ARNE: At the risk of eliciting more answer than you want, I am forwarding
your 4 questions to the [log in to unmask] advocacy/discussion group and the
extended circle of SIGAda officers. I think you will receive a lot of
informed inputs which will be better than one person's perspective. I also
think most of these groups will also be very interested to read the account
of your 20-year involvement with Ada and successful space experience (some
of which some of us are aware).
I will give you an early answer to your question #3 -- YES, I think a
presentation about your Ada microprocessor is appropriate for a future
SIGAda conference, and that it will favorably received. There will be a
hard-core minority of SIGAda members very interested in this hardware
relationship, even if the majority are more software-centric and would
attend a different session.
-Hal Hart, ACM SIGAda Past Chair
Arne Carlsson <[log in to unmask]> wrote:
>Date: Wed, 24 Nov 1999 06:34:15 +0100
>To: [log in to unmask]
>From: Arne Carlsson <[log in to unmask]>
>Subject: Ada in Hardware
>Cc: [log in to unmask], [log in to unmask],
> [log in to unmask], [log in to unmask]
>X-MIME-Autoconverted: from quoted-printable to 8bit by
>cardinal.prod.itd.earthlink.net id VAA07850
>Dear Mr Hart,
>I have a couple of Ada questions, which are important for decisions about
>Ada activities in the company I work for, Saab Ericsson Space in Sweden.
>I know you have been involved in Ada activities for many years, and I think
>you can give fair answers on these questions. I should appreciate very much
>if you take time for an answer.
>We have developed an Ada microprocessor for real-time embedded space
>applications. Today this chip is manufactured in a rad-hard process at
>Honeywell in US. Because Ada real-time functions are implemented in silicon
>on the chip, these functions are real fast during runtime. This allows Ada
>applications, which have not been possible before. What do you think about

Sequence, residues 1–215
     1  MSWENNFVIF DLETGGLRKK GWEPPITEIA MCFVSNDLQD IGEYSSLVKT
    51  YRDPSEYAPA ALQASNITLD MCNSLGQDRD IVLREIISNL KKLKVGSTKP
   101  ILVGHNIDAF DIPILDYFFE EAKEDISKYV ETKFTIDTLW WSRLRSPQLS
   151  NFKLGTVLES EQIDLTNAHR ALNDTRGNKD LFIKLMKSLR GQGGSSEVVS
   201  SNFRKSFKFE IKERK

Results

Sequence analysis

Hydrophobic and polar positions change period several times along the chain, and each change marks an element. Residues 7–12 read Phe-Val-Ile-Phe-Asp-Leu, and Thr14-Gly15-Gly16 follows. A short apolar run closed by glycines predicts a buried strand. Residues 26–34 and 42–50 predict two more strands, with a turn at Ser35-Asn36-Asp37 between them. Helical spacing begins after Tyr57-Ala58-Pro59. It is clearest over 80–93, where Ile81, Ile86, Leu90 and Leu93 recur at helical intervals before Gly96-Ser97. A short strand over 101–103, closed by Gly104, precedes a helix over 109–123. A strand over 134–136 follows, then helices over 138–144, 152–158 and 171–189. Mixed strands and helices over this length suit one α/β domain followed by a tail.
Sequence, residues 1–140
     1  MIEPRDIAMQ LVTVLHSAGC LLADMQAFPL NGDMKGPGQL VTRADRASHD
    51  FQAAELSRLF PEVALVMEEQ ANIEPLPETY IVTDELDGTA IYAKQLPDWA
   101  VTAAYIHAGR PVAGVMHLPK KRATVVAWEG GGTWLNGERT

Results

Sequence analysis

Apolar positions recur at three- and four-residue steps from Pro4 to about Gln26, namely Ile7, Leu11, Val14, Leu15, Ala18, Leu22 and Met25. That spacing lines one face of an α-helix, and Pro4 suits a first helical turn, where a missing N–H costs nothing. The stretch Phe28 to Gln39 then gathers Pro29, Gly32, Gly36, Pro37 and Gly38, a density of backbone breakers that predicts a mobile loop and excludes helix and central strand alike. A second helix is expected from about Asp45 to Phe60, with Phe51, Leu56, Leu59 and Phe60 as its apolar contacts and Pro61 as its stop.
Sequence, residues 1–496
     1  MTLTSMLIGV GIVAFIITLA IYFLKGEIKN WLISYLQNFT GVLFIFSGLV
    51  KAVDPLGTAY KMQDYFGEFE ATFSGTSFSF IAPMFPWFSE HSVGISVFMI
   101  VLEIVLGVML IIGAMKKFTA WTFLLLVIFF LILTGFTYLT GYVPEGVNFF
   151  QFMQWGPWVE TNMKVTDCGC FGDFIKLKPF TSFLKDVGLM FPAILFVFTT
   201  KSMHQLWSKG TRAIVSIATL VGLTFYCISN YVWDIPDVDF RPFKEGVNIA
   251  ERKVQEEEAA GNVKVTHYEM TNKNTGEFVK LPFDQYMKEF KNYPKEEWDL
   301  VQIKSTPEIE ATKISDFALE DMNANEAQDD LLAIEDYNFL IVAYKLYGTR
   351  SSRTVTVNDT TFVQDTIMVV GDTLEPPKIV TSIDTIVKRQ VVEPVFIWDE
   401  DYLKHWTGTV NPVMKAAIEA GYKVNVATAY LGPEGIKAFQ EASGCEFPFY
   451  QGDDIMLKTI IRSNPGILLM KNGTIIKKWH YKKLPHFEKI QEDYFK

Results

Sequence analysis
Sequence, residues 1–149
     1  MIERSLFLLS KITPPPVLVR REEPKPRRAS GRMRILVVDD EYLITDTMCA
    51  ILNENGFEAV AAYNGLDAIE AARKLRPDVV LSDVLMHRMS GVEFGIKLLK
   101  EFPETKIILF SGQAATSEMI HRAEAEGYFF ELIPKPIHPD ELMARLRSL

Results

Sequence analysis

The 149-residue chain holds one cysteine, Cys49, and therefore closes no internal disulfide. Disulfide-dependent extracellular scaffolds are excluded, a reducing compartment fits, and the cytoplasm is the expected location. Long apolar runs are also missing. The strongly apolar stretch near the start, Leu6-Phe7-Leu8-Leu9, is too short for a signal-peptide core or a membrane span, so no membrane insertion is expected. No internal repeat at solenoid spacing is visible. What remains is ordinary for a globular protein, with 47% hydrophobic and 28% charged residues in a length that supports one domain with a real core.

>implementation of Ada functions in silicon (hardware), is it of interest for
>the Ada community, or are only software implementations of interest? What
>does the 'Real-Time Environment Working Group' say if no code is needed for
>Ada task scheduling and switching, for example?
>Right now this Ada chip is used in a space project named Rosetta.
>C-programming was required so we ported GNU C-compiler and debugger to this
>Ada chip. Porting GNAT to this Ada chip should result in a very high
>performance Ada-compiler/processor combination. Do you think this could be
>seen as a positive support for the Ada language by the Ada community? If
>"yes", do you think we can get an official "yes" in order to simplify
>funding of the work to port GNAT?
>Do you think this Ada microprocessor is of interest for any conferences?
>Can you see any interest of this Ada microprocessor from projects in US?
>Saab Ericsson Space has developed on-board computers for space applications
>since 1972, e.g. in the ARIANE-launcher and SPOT-satellite programmes. The
>first version of the Ada microprocessor was presented about eight years ago,
>for example at the TRI-Ada'91 conference. It was proven in space flight the
>first time 1995. We have been involved in Ada for about 20 years, and we
>have also developed an Ada compiler (not validated) for the Ada chip. I
>myself visited a 'bird-of-a-feather' session at the 'AIAA 2nd COMPUTERS IN
>AEROSPACE CONFERENCE', Los Angeles 1979, where the name 'Ada' was used for
>the new programming language. It was the first time I heard the name 'Ada'
>used for this language.
>| Arne Carlsson Telephone: +46 31 735 4367 |
>| Saab Ericsson Space Telefax: +46 31 735 9520 |
>| S-405 15 Göteborg E-mail: [log in to unmask] |